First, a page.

What is the meaning of life? Why am I here? These are questions that have taunted mankind since the beginning of time. The Power of Meaning provides a straightforward and inspiring answer, based on extensive research and analysis. Simply put, the meaning of life is to find meaning in life. And it’s actually easier to find than we are often led to believe.
“The search for meaning is not a solitary philosophical quest, as it’s often depicted,” writes the author. “… and meaning is not something we create within ourselves and for ourselves. Rather, meaning largely lies in others. If we want to find meaning in our own lives, we have to begin by reaching out.”
There is so much to this book, it’s hard to boil it down in a review. (I found myself rereading and marking lines on page after page, and I handwrote six pages of notes upon completing it.) By summarizing dozens of psychological studies, presenting scores of anecdotes and stories about real people, and sharing many of her own thoughts and insights on the differences between happiness and meaning, Smith ultimately brings the reader to the simplest of revelations.
Belonging, purpose, storytelling and transcendence: these are the four pillars of meaning, and they are accessible to everyone, regardless of religious beliefs, cultural backgrounds or economic status. As someone who has made a living as a professional writer and author, I was particularly struck by the storytelling section. Though it was not surprising to me that story plays a critical role in finding fulfillment in life, it was fascinating to learn the many reasons why (both for the storytellers themselves, as well as for listeners or imbibers of those stories). The author turned to several novels to help illustrate her points – from Middlemarch and The Little Prince to Life of Pi and The Death of Ivan Ilych – as well as numerous memoirs.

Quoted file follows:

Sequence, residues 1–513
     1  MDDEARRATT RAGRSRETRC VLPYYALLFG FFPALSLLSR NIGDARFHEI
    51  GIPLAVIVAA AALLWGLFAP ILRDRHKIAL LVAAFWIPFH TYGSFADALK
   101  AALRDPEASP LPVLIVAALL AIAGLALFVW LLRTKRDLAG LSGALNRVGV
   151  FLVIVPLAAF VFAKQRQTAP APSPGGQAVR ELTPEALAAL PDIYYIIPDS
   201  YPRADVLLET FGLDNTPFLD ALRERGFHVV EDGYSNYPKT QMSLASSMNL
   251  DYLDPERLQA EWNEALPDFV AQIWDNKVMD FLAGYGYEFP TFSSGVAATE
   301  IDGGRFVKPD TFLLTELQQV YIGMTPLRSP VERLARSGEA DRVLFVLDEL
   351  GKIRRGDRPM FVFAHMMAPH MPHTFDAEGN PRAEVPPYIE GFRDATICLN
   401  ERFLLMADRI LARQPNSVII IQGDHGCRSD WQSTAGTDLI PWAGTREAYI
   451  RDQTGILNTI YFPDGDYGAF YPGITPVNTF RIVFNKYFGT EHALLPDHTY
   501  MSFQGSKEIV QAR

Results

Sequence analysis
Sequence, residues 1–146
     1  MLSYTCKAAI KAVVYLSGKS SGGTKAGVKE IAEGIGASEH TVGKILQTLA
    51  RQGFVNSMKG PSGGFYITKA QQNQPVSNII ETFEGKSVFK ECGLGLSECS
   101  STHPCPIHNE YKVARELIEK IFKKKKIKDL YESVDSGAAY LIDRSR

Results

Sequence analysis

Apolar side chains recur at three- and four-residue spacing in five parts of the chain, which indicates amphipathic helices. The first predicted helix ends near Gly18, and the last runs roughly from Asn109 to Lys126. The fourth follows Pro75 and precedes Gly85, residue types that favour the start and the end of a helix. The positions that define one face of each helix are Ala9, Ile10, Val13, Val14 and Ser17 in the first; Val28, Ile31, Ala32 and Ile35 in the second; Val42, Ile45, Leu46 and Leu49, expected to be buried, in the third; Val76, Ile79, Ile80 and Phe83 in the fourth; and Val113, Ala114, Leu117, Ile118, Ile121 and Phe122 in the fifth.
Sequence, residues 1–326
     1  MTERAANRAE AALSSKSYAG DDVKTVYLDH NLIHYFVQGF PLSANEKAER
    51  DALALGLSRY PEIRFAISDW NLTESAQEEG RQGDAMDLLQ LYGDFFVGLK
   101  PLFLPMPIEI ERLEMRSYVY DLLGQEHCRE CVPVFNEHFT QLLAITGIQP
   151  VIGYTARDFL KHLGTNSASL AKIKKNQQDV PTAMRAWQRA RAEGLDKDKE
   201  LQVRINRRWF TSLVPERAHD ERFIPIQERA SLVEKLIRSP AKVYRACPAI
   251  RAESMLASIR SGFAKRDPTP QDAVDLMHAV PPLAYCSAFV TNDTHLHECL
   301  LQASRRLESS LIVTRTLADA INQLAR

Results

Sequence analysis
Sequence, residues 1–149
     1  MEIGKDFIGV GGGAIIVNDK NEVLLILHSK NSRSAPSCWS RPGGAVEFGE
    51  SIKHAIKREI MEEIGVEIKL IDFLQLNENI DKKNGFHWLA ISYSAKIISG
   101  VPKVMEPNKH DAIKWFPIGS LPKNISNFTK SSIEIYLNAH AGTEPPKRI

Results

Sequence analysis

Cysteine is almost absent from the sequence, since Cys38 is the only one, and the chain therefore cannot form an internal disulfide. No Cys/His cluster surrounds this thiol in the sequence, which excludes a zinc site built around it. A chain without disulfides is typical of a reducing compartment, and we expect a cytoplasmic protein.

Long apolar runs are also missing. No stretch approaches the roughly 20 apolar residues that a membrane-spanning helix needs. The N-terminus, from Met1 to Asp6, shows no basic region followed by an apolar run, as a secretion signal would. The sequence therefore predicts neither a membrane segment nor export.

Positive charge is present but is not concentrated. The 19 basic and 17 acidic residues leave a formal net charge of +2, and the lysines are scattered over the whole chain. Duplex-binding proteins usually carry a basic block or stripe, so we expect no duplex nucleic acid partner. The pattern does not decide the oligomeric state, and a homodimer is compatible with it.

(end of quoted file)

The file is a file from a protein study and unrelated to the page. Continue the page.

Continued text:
I especially liked this point:
“We are all the authors of our own stories and can choose to change the way we are telling them. One of the greatest contributions of psychology and psychotherapy research is the idea that we can edit, revise and interpret the stories we tell about our lives even as we are constrained by the facts.”
And, how we perceive our lives and stories is directly related to whether we ultimately find fulfillment in them.
The sections on belonging, purpose and transcendence are equally fascinating. They are packed with examples of how seeking and finding fulfillment leads to better physical and mental health, helps us overcome traumatic events, and guides us to lasting contentment rather than fleeting happiness.
I highly recommend this book to all who want to expand how they view the world and the people with whom they share it.